The majority of global property markets are recovering from the economic downturn as prices start rising, according to a new report.
Some 68% of countries to publish figures for the third quarter of this year showing price changes are reporting an upward trend, according to the latest Global House Price Index from Knight Frank. But house prices are still lower than they were a year ago in 57% of locations.
On an annual basis Israel continues to be the best performing property market with a 13.7% increase in prices to the end of the third quarter of 2009. The worst is Dubai which has seen prices fall 47% although there was a modest rise of 1.2% in the third quarter.
On a quarterly basis the biggest price increase was in Singapore where property values went up 15.2%. Other locations where growth is accelerating include Australia which has been relatively unscathed by the credit crunch. Many Asian economies are also performing strongly with quarterly growth of 6% in Hong Kong and 2.5% in mainland China.
Losers on an annual basis include Russia, down 9.10%, the US down 9.4%, Thailand down 18.4%, and Bulgaria down 28%.
‘House prices are now rising in a clear majority of locations around the world with almost 70% of the locations in the Knight Frank Global House Price Index reporting growth in the third quarter of 2009. This compares with under 50% during the second three months of the year,’ said Liam Bailey, head of residential research at Knight Frank.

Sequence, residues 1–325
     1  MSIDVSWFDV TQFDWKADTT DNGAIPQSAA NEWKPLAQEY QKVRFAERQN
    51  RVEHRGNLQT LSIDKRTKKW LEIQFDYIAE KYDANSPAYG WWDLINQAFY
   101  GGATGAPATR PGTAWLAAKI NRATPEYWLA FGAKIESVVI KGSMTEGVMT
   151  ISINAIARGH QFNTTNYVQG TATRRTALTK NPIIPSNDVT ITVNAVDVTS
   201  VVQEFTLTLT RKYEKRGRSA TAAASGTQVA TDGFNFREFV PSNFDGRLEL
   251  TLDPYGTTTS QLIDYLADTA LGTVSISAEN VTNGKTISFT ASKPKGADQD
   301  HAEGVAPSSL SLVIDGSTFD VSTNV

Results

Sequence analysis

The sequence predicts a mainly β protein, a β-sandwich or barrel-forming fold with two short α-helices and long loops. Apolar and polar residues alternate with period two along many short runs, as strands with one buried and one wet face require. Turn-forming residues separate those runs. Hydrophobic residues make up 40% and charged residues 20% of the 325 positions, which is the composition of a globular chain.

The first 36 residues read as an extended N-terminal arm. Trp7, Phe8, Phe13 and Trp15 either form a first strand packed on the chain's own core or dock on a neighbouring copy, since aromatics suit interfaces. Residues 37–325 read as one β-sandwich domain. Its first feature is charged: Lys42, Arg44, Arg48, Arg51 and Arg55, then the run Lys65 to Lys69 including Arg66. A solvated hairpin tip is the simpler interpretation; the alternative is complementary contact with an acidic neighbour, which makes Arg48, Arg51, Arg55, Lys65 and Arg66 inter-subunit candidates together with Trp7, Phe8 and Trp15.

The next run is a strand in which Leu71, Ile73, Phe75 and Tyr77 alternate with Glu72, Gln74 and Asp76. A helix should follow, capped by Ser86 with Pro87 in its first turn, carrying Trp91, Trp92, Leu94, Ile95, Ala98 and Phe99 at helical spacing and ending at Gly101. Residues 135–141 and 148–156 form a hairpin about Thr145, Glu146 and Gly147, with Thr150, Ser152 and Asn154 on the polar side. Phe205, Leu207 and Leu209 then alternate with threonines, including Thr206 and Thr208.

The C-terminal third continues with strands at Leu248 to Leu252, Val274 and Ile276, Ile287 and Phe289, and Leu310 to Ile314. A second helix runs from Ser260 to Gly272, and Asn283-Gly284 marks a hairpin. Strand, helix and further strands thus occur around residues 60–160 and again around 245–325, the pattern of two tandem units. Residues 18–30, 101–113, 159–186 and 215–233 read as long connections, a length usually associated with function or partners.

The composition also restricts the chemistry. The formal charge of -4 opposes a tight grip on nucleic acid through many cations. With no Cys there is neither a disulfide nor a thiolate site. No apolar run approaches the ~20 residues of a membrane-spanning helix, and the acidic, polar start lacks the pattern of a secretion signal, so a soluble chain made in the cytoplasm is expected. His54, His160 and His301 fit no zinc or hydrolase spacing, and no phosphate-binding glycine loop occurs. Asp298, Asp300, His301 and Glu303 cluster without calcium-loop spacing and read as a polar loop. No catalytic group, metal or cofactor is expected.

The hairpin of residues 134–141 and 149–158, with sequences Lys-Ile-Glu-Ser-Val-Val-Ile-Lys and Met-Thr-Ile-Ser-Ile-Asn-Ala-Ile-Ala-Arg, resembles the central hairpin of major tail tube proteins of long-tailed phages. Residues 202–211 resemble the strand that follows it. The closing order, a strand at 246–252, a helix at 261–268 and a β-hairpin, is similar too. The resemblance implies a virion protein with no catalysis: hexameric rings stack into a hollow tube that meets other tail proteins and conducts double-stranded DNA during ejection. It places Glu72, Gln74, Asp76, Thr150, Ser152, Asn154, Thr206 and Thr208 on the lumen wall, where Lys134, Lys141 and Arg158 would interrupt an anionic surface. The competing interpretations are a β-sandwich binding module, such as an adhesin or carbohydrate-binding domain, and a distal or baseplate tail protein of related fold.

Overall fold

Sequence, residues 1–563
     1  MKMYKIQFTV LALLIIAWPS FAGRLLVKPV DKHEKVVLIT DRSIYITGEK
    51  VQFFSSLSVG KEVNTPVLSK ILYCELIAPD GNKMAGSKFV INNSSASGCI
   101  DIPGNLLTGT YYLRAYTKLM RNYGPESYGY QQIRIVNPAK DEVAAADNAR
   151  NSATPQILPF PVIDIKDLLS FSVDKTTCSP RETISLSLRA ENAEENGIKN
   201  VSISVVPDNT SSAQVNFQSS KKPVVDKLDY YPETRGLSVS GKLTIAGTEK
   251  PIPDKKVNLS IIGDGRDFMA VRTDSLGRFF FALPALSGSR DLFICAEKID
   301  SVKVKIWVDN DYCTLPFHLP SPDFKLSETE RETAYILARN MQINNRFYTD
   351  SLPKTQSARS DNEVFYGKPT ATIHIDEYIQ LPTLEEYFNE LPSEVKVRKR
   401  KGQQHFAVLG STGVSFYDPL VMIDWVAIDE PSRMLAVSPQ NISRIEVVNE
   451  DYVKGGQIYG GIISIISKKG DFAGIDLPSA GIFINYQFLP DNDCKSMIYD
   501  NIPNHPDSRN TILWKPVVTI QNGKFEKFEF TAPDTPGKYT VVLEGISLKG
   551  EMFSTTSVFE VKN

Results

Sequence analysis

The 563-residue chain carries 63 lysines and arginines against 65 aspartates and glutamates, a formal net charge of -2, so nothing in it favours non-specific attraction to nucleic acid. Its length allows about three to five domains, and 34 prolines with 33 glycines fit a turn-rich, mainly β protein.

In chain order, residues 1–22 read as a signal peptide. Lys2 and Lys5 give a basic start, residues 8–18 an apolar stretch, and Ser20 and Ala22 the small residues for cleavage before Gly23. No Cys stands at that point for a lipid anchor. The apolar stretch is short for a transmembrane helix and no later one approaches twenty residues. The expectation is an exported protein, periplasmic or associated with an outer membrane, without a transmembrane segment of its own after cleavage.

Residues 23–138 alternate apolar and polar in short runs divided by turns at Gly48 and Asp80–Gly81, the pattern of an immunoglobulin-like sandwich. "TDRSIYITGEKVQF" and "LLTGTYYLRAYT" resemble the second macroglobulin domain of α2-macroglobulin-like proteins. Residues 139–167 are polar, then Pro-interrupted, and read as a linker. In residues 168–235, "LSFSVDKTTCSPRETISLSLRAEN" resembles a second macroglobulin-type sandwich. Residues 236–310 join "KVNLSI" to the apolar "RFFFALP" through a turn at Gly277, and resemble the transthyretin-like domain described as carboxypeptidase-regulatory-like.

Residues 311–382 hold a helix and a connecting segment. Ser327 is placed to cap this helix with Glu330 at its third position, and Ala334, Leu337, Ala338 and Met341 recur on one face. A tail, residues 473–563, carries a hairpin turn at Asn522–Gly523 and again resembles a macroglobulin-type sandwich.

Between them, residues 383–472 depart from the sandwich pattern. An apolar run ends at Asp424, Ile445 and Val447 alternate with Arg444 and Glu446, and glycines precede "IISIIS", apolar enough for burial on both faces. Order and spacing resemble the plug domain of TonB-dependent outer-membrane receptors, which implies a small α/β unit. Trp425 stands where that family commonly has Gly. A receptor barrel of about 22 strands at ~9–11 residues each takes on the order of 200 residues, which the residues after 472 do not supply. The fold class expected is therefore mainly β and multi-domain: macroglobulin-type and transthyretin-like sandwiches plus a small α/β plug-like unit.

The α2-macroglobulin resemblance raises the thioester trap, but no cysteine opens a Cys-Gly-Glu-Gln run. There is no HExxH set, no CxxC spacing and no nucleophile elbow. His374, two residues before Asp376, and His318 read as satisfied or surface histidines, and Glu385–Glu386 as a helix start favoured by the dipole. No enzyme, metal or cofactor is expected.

‘There is still, however, a clear polarisation from the top to the bottom of the table. Israel remains the best performer on an annual basis and is the only country to have recorded double digit growth. Prices in Dubai have fallen the most despite posting a small recovery in the third quarter. The recent debt issues with Dubai World and the subsequent loss of confidence by investors means even this nascent rally is already under threat,’ he added.
Those European countries yet to record their first quarter of growth since the credit crunch include Spain, Denmark and Ireland where an oversupply of stock is holding back prices, the report shows. ‘This contrasts with the UK, which, despite being hit extremely hard initially, is staging a strong comeback as a shortage of houses for sale is contributing to rising values with demand outstripping supply,’ explained Bailey.
‘However, it is worth noting that house prices in almost 60% of the countries in the index are still lower than they were a year ago. That is not to say prices are on a guaranteed one-way trajectory. The global recovery from recession is unlikely to be trouble free as the recent problems in Dubai have highlighted but it does seem that any further falls are likely to be corrections rather than the start of another round of drastic reductions,’ he added.